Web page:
Q: What are air bearings made from?
A: Most common is aluminum with a coating called hard-coat. PI also use stainless steel and nickel plate steel. Granite is often used as the bearing support surface or structure.
Q: What happens if the bearing moves with the air off?
A: Forcing an air bearing to move with no air can damage the bearing, although it will often be ok. The mating surfaces are quite durable, but contaminants can cause scratches.
Q: Do air bearings wear out?
A: The air bearing life is unlimited, assuming the following:
- The bearing is kept clean and the surfaces undamaged
- The air supply is kept clean, dry, and oil-free
As long as nothing damages the bearing it will run forever. The maintenance of the air filters and the air compressor is the important thing. After that, the life-limiting items are usually the flex cables, which will wear out and break after too many cycles (many millions). Motor coils and encoders usually only fail if they have been damaged, or have a short, or overheat.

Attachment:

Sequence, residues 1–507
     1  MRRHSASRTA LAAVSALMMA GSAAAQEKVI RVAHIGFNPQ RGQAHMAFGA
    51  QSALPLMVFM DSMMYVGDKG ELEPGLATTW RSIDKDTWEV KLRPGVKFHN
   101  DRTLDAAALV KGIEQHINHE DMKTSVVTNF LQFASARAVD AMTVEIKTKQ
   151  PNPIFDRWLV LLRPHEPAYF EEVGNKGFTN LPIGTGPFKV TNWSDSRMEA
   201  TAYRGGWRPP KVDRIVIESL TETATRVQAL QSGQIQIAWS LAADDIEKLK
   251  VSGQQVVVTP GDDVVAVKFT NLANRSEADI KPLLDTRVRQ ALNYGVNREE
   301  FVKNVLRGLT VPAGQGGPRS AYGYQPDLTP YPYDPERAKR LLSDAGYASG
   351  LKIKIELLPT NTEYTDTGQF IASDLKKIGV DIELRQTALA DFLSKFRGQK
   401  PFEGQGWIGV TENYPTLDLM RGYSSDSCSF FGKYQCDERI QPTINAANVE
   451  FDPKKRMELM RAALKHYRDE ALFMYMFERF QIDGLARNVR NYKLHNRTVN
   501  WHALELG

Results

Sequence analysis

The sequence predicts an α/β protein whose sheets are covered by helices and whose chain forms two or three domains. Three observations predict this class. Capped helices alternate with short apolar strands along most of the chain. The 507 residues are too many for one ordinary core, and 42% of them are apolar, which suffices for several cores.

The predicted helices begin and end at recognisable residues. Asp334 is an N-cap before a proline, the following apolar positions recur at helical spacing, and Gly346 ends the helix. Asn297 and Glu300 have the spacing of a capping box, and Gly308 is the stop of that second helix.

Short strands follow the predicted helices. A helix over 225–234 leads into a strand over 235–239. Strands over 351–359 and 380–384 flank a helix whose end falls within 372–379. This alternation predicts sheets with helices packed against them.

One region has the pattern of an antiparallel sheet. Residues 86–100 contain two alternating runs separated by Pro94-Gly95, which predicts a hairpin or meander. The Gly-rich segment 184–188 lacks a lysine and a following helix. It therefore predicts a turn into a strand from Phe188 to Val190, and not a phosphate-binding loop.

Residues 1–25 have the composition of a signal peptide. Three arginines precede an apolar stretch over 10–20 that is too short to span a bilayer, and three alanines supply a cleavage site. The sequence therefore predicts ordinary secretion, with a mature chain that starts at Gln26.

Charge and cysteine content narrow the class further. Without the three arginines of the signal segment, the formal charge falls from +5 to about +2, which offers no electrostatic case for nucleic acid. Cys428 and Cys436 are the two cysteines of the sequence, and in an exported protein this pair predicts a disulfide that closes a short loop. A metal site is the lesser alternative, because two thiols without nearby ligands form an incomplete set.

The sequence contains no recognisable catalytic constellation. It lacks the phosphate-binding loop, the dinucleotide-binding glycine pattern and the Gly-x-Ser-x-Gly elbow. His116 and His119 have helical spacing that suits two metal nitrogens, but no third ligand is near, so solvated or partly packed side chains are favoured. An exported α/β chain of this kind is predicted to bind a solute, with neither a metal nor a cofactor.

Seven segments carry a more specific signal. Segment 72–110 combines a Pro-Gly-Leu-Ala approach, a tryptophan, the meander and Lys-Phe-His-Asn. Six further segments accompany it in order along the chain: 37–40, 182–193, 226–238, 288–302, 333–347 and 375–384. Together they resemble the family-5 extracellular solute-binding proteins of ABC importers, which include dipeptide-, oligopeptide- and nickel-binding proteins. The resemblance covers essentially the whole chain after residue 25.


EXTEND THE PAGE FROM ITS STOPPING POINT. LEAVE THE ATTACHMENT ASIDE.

Q: Can an air bearing stage work in a vertical (lift) application?
A: Yes. The problem with vertical applications is how you support the gravity load. In a typical ballscrew-driven stage, the mechanical advantage of the screw can support the load with minimal load on the motor. However, in a direct-drive system, motors will overhead in this case. The solution is to add a pneumatic counterbalance mechanism to support the gravity load. PI has built many such systems. Counterbalances to add some cost and complexity to the system and require extra space.